Mohammad Karamouzian is a doctoral student in the School of Population and Public Health at the University of British Columbia, a researcher at the BC Centre on Substance Use (BCCSU), and a research associate at the WHO Collaborating Centre for HIV Surveillance (HIVHUB) in the Middle East and North Africa (MENA). Through his doctoral research, he seeks to address research gaps in characterizing early injecting careers with a focus on the factors that shape initiation, early cessation, and sustained injecting practices. His research at BCCSU and BC Centre for Disease Control (BCCDC) also include the evaluation of public health interventions such as drug checking and Take-home naloxone in Vancouver, BC, Canada.
Mohammad's global health research focuses on health promotion among marginalized populations such as female sex workers, people who inject drugs, and prisoners. His international health and development contributions include research and policy development as well as capacity building workshops for several countries in the MENA region. Through his work with the Global Network of Researchers on HIV/AIDS in MENA and HIVHUB, he facilitates scientific exchange and collaborative research projects among HIV researchers in the MENA region.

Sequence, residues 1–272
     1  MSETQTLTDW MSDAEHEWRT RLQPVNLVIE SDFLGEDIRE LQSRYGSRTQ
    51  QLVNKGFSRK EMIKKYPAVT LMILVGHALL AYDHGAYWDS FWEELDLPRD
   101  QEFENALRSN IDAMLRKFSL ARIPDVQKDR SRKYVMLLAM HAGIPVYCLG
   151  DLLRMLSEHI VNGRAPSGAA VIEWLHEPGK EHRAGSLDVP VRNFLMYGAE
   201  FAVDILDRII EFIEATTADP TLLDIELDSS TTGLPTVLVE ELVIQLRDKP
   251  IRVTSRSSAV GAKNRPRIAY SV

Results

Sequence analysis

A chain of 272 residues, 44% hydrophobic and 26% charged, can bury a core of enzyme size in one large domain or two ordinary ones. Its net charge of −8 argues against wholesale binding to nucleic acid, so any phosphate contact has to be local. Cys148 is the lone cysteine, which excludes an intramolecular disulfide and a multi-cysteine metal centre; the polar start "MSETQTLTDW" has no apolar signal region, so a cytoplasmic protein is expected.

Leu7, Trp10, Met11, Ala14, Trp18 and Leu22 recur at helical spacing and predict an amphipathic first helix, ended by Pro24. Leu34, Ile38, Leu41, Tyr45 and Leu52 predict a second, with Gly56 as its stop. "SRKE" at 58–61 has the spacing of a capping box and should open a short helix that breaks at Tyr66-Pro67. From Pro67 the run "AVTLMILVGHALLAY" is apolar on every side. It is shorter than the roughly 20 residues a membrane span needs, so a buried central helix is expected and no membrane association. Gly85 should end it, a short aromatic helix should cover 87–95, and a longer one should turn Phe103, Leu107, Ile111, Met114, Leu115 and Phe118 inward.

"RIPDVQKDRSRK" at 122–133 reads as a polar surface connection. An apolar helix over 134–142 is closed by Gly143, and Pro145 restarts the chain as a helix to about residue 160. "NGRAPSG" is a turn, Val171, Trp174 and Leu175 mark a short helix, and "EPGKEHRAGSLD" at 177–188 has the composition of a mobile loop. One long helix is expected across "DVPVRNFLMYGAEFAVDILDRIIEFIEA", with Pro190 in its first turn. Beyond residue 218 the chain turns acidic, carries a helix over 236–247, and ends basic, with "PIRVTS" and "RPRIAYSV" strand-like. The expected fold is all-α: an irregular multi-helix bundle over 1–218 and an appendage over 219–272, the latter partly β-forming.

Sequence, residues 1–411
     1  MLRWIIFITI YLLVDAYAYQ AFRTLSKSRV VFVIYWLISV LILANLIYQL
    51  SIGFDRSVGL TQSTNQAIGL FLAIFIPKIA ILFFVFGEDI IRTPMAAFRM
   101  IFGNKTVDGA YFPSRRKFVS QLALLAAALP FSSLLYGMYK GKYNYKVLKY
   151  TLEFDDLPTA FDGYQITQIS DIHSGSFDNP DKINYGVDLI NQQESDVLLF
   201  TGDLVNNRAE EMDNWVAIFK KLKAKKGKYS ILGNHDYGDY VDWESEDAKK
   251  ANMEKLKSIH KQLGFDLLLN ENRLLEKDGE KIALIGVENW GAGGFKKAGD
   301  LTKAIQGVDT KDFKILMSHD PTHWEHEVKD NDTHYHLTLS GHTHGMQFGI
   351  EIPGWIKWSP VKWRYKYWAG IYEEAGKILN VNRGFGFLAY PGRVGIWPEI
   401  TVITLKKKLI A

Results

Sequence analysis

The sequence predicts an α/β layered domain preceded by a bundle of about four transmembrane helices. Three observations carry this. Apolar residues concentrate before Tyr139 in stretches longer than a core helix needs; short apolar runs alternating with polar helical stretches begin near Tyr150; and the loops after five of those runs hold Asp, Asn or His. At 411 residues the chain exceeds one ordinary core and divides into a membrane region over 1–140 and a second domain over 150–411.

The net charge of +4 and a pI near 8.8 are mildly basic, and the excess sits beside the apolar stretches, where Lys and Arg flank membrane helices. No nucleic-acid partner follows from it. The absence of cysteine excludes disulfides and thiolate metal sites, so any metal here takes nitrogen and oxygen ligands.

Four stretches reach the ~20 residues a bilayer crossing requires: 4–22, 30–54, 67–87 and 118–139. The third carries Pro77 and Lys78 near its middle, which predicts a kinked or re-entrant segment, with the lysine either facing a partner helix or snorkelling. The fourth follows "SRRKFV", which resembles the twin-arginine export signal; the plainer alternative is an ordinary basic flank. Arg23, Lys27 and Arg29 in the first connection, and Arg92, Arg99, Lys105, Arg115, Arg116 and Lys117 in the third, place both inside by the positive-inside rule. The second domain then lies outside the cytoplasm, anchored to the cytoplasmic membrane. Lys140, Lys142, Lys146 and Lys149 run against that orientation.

Mohammad is committed to translating his research into policy that will improve the health of marginalized populations. He has authored/co-authored over 55 peer-reviewed publications in leading international peer-reviewed journals including The Lancet, Journal of International AIDS Society (JIAS), and International Journal of Drug policy and participated in numerous conference presentations including two invited presentations in the AIDS 2016 and International Harm Reduction Conference in 2017. He has also been a co-investigator on more than 20 nationally and internationally funded projects focusing on vulnerable populations. Mohammad is an Associate Editor of BMC Health Services Research and has served as a reviewer for several leading international journals (e.g., BMJ Open, Drug and Alcohol Dependence, JIAS, PLOS ONE, Public Health, and Systematic Reviews), and conferences (e.g., AIDS 2016, IAS 2017, AIDS 2018). Mohammad has won over 15 awards and scholarships for his research, leadership, and academic achievements, including the Vanier Doctoral Scholarship, UBC's International Doctoral Fellowship, and UBC's Four Year Doctoral Fellowship.